My Cart



Mineral formula: Ca2Al3[Si2O7][SiO4]O(OH) ; dimorph of clinozoisite

Crystal system: orthorhombic

Crystal habit: Prismatic crystals, columnar to compact, massive

Cleavage: perfect on {010} imperfect on {100}

Fracture: irregular / uneven, conchoidal

Color: colorless, purple, greyish-white, white, gray, yellowish-brown, yellow, pink, green

Luster: vitreous, pearly, dull when fine-grained

Diaphaneity: transparent, translucent

Moh’s scale hardness: 6 - 7

Streak: white

Specific gravity: 3.15 – 3.36

Named after: Originally named saualpite for the locality Saualpe in Carinthia, Austria, where it occurs in eclogites. The name zoisite was introduced by A.G. Werner in 1805 to honor Sigmund Zois, Baron von Edelstein (1747-1819), Austrian scholar who financed mineral-collecting expeditions.

Type locality: Prickler Halt, Ladinger Spitze - Speikkogel area, Eberstein, Sankt Veit an der Glan District, Carinthia, Austria

Geological occurrence: Medium grade regionally metamorphosed rocks, eclogites, blueschist facies metamorphic rocks.

Energetic properties: Melody, in her book Love Is In The Earth, says of Zoisite: "Zoisite can provide for decomposition of negativity and for transmutation of the negative energies to positive force-fields...It can also be used to dispel laziness and idleness.  It allows for direct connection, via the mental processes, to the celestials latitudes...this can facilitate advancement in all areas of ones life"


The mineral zoisite occurs in many forms and color. One of the best known is tanzanite; a transparent blue to blue-violet zoisite (colored by vanadium) used as a gem stone. Thulite is an opaque pink zoisite (containing trivalent manganese), also used in jewelry as a pink cabochon and in sculptures.

Zoisite also occurs intergrown with ruby ("Ruby in Zoiste"), also known as anyolite. It is a rock composed of green zoisite, red corundum crystals (ruby) and occasionally black crystals of the amphibole pargasite. Anyolite is used to produce cabochons, tumbled stones, ornamental objects and sculptures, or sold as specimens.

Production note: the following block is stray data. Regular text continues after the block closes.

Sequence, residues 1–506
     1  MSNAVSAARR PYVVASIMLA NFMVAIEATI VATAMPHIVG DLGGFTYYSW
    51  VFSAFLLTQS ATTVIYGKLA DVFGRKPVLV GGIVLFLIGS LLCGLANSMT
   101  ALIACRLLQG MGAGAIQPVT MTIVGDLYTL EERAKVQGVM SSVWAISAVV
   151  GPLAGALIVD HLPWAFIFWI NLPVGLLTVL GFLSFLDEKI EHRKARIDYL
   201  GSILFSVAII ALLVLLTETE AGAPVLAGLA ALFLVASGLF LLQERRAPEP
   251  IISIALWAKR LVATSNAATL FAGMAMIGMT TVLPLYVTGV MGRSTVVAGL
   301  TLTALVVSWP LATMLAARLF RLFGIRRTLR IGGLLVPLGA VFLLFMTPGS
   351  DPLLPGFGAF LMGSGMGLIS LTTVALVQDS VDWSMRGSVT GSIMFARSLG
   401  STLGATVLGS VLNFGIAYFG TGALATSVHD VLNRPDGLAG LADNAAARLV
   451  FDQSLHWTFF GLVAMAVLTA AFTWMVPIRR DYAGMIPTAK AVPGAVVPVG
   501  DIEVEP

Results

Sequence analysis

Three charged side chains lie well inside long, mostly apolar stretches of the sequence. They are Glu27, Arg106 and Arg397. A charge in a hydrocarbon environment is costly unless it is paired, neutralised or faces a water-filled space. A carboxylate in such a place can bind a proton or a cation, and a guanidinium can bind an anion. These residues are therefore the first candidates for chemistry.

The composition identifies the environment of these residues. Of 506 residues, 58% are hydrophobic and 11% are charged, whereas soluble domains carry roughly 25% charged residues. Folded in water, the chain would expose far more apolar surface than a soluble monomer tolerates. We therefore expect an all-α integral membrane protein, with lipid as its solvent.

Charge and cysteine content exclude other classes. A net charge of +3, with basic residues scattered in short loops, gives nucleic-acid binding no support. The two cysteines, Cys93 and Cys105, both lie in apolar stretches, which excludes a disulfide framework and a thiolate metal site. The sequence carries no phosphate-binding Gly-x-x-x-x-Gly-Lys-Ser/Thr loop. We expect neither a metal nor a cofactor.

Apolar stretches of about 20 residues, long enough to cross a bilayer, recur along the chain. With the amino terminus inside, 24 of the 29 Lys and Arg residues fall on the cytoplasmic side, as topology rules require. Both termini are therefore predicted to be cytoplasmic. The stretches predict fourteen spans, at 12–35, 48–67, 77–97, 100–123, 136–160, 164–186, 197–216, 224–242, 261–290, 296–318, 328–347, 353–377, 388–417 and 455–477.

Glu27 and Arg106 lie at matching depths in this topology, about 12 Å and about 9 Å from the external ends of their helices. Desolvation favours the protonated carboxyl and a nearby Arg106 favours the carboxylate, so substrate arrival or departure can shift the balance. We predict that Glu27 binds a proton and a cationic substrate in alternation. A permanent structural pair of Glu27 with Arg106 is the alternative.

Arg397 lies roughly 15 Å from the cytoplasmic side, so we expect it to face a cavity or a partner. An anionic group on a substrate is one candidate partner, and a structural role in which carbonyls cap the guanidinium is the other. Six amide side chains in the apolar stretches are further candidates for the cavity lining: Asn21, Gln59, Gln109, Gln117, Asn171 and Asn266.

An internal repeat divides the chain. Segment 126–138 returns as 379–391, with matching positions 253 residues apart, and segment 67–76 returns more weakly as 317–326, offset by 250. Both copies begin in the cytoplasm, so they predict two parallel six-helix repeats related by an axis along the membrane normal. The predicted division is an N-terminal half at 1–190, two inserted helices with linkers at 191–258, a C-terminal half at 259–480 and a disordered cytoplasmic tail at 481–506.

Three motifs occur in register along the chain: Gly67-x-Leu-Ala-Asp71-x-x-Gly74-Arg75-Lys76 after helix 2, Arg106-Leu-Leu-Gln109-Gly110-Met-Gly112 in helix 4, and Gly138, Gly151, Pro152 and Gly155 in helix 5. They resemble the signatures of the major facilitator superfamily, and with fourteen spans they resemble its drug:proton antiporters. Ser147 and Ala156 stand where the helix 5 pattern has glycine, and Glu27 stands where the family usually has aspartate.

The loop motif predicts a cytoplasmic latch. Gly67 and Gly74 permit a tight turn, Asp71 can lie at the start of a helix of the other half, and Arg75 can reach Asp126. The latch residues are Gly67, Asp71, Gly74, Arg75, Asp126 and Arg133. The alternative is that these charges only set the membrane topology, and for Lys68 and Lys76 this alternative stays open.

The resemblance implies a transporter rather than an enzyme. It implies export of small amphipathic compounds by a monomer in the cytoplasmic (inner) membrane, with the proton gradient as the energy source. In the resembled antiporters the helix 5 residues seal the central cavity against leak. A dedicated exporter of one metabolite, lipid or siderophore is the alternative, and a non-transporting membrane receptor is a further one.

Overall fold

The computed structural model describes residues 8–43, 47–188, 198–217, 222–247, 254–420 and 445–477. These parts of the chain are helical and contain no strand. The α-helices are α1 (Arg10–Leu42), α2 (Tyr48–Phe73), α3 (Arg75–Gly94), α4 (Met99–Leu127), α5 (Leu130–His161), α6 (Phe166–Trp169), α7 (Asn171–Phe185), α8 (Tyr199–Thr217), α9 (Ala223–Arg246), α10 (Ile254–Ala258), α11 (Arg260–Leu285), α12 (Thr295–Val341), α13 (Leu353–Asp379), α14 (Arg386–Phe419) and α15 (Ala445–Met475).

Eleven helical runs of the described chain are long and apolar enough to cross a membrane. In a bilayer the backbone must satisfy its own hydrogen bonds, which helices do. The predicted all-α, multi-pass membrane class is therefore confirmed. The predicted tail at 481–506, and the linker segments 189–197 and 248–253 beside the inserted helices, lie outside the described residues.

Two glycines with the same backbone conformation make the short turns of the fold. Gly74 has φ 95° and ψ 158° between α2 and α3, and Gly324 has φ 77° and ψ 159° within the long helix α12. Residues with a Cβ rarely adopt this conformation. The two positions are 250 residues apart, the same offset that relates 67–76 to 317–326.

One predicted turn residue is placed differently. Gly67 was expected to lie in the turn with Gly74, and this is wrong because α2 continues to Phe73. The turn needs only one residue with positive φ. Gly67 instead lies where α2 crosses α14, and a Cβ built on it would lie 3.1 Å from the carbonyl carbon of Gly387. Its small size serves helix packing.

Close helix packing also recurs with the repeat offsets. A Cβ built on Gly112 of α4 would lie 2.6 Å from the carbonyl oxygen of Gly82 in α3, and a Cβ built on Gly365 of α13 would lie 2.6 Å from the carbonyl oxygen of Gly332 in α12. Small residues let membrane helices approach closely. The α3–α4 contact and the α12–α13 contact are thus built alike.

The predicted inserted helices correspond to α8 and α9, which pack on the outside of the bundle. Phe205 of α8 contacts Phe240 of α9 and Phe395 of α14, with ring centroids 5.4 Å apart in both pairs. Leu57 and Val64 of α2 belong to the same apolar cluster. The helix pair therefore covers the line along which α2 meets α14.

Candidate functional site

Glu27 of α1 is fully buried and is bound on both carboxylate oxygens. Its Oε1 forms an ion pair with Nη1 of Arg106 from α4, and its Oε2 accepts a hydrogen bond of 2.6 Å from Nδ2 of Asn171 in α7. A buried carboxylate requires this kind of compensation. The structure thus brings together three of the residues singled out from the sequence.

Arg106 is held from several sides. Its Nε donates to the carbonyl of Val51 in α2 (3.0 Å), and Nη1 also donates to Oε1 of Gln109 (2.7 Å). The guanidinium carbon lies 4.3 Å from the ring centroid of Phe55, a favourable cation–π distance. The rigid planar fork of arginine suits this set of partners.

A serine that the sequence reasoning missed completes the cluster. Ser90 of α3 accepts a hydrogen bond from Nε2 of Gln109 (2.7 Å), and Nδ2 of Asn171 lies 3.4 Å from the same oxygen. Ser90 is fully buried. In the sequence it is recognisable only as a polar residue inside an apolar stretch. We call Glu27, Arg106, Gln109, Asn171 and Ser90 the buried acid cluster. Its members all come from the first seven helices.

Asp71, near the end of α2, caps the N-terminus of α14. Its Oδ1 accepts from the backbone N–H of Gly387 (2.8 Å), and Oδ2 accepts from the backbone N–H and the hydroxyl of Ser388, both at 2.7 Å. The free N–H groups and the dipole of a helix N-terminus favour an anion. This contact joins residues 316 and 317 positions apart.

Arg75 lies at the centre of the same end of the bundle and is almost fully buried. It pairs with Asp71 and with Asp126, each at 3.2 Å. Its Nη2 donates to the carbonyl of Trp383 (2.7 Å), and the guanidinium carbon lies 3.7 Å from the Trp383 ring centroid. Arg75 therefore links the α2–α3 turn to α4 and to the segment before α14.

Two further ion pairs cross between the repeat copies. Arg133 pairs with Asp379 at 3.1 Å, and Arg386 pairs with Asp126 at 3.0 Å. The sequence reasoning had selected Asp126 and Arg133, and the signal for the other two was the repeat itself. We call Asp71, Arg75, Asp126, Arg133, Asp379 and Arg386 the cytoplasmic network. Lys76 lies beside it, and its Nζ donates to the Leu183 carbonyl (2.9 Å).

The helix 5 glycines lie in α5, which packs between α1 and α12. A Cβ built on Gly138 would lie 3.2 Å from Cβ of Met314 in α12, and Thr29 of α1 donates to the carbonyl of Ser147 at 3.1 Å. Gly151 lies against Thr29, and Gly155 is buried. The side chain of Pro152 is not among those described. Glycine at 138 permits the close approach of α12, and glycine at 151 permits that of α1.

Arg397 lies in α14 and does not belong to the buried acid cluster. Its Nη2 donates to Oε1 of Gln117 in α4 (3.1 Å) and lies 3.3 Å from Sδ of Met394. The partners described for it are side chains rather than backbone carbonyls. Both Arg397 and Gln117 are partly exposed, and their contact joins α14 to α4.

Zoisite and Clinozoisite share the identical chemical composition but have a different crystal structure (dimorphs). Zoisite is the orthorhombic form while clinozoisite is the monoclinic form (and therefore classified in the epidote group). The physical properties of these two distinct minerals are extremely similar and are therefore virtually indistinguishable from each other when in massive form. 

There is no industrial use of zoisite. Most deposits of zoisite are relatively small.

Zoisite has been documented in hundreds of localities. A few of those locales of special interest to mineral collectors include the Arusha district of Tanzania (tanzanite), Kenya (anyolite), Gandegg in Switzerland, Norway (thulite) and the northern areas of Pakistan.  In the United States, thulite deposits found in Taos County, New Mexico, northeastern Washington state and numerous locales in California have attracted the interest of collectors as well.

References:;; Collector's Guide to the Epidote Group - Robert J Lauf; Love is in the Earth - Melody; and